Last year, the Eliminating Child Labor in Cocoa-Growing Communities in Côte d’Ivoire (ECLIC) reached its conclusion. The project saw several key results: a substantial decrease in hazardous child labour among supported children; increased awareness of child labour and the importance of school; increased community empowerment, and improved access to quality education. Beginning in 2015, the four-year project set out to contribute to the elimination of hazardous child labour in 50 communities in Côte d’Ivoire. The project aimed to support 5,450 girls and boys engaged in or at risk of becoming involved in child labour. A variety of prevention and remediation activities meant this target was surpassed, with 9,509 children reached by the project’s end.
Lowering child labour in supported households
At the end of the four-year period, the number of ECLIC-assisted households with at least one child in child labour had halved. This means many households abandoned child labour altogether. Similarly, the proportion of assisted households with at least one child engaged in hazardous work fell from 52% to 33% – a decrease of 37%. Training and equipping community groups Community Child Protection Committees were formed in all 50 target communities. These groups play an essential role in empowering communities to tackle child labour. They also play a key role in ensuring that the needs and views of community members are fed into an overall Community Action Plan. The ECLIC project supported committee members through training and provided materials to support them to carry out their responsibilities.
Providing access to quality education
ECLIC achieved positive results in improving children’s access to quality education. 29 communities were supported through the construction or renovation of schools and other facilities, such as canteens. According to research carried out by ICI, access to quality education can be an important factor in reducing children’s risk of becoming engaged in child labour. More than 8,000 children were helped to access education, through support with school fees, school materials, or through participation in accelerated education or vocational training programmes. Adults were also offered literacy classes, as studies show that when parents are literate child labour rates tend to be lower. In total 493 women and 133 men attended functional literacy classes. Bridging classes, which are a type of accelerated education programme used to get children back into formal schooling, were also organised. These classes offer children who are outside of the education system a chance to catch up on their schoolwork and reach the required level to continue their studies. 19 such classes took place within the target communities, with a total if 584 children enrolled. Of them, 85%, or 496, successfully completed the programme and entered the formal school system.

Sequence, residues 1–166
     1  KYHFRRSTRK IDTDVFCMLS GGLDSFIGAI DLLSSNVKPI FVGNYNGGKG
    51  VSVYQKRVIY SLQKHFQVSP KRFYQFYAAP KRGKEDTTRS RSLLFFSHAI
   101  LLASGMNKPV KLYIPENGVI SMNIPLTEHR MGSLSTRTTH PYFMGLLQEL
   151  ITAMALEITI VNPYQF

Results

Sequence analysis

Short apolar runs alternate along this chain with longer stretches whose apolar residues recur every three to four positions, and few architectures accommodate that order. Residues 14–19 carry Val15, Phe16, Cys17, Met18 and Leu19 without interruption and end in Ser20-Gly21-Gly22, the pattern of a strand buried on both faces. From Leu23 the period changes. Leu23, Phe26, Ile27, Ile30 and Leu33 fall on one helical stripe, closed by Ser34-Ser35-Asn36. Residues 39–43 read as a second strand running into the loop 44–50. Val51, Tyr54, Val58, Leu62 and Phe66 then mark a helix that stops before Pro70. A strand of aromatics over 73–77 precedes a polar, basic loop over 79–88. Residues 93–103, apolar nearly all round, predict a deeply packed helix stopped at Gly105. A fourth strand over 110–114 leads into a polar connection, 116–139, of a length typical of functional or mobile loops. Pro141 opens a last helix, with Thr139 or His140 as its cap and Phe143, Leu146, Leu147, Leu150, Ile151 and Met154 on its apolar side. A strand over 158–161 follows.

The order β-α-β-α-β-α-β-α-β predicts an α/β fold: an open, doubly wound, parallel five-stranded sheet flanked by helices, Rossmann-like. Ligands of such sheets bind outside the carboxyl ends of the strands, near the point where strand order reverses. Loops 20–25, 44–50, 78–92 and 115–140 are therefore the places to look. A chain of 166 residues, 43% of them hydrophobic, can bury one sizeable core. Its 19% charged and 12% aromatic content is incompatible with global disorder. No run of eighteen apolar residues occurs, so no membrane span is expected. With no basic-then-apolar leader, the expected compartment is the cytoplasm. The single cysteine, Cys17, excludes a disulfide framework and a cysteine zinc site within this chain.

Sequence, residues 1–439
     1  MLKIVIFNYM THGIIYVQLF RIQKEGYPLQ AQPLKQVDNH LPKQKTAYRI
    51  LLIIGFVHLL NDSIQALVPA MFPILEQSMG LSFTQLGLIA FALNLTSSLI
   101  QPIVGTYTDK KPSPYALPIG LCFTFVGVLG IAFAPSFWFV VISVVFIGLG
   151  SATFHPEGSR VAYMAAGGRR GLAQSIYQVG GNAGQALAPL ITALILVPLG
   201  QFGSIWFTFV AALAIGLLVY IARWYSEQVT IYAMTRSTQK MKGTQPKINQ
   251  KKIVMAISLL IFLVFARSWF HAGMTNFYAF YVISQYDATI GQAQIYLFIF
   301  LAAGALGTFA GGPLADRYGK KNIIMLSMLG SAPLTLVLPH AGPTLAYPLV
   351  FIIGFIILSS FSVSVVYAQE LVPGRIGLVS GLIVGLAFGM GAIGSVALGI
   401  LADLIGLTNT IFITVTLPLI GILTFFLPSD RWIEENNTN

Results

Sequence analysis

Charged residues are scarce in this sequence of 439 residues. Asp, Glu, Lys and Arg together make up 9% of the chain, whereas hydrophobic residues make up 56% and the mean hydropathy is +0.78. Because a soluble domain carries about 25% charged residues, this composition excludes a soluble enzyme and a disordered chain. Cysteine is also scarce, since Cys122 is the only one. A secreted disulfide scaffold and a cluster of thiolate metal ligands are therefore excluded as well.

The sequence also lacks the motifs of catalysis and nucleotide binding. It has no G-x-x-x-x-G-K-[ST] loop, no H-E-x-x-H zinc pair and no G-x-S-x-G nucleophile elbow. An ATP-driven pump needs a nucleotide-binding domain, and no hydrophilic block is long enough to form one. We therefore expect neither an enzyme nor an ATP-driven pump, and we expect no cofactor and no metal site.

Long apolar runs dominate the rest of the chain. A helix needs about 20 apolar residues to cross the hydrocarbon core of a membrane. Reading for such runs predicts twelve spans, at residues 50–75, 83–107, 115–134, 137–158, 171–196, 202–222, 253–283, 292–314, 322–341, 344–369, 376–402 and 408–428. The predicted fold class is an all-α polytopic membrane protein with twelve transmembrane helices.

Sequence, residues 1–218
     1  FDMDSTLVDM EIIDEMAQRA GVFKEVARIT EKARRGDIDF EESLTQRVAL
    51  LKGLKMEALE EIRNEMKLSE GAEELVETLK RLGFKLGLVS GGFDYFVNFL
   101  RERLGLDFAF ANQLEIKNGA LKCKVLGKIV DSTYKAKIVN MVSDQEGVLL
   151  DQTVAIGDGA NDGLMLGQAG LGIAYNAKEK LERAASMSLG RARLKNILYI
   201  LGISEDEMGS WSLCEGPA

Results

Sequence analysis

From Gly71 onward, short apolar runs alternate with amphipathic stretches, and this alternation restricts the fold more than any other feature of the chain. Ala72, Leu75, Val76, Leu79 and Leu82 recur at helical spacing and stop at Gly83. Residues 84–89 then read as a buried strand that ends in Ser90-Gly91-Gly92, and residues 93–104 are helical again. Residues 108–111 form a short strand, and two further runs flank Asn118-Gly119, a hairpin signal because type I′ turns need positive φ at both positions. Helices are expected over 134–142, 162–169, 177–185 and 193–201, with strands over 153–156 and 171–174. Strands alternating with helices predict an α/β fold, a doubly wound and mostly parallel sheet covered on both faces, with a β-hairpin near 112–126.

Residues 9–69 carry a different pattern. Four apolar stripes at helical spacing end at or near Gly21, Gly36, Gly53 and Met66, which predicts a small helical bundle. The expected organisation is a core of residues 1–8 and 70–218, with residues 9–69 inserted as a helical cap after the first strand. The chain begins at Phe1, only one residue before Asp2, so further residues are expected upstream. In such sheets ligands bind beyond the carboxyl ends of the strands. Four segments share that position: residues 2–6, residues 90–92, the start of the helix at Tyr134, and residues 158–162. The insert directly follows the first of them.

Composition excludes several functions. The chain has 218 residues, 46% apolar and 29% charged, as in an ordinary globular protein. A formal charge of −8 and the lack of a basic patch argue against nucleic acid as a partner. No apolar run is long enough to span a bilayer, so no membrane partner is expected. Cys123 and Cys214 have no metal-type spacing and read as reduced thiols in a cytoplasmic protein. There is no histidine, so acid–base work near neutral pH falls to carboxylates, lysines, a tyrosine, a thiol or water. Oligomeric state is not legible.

1,488 members of households whose children were at risk of becoming involved in child labour received support through income-generating activities. Women’s groups in particular were empowered through training and supported with materials to set up small businesses or micro-enterprises, designed to add to their income and, in turn, support children’s education. ECLIC assisted 1,026 women and 518 youth in this way.
“We are pleased to have seen real impact on the ground after this four-year project. Among the households assisted, many more children were in school, while the proportion of children in hazardous child labour fell. We trained the Community Child Protection Committees to allow them to continue their work after the project’s end: raising awareness, identifying and assisting children at risk within the communities,” said Sonja Molinari, Programme Manager at ICI. “This project has shown that with the right support, community members can be active agents of change. When communities identify, prioritise and address their own development needs, this can lead to positive outcomes for children and the wider community. The holistic approach of the project not only reduced hazardous child labour in households receiving direct support but appears to have contributed to some positive changes in the wider community too. The results of the forthcoming endline survey will tell us more about how the situation in the 50 supported communities has changed since the project began.”
“The ECLIC project implemented good practices to reduce child labour. This included community mobilisation and specific actions based on inputs from the communities,” said Mei Zegers, Senior International Development Consultant who developed ECLIC’s external evaluation. “The project met or exceeded most of its targets. Though the project reached out and worked with local Government authorities and service providers, the functioning of such entities in remote cocoa producing areas is often limited. In accordance with the role of national and local authorities, improved governance is needed for replication and long-term sustainability of achieved project results. This should include availability and quality of social, health, education, poverty reduction, environmental protection, and other services at local level. Availability of good road and other infrastucture are other key enabling environment requirements.”
Access the ECLIC external evaluation report here.
The ECLIC project was supported by the United States Department of Labor.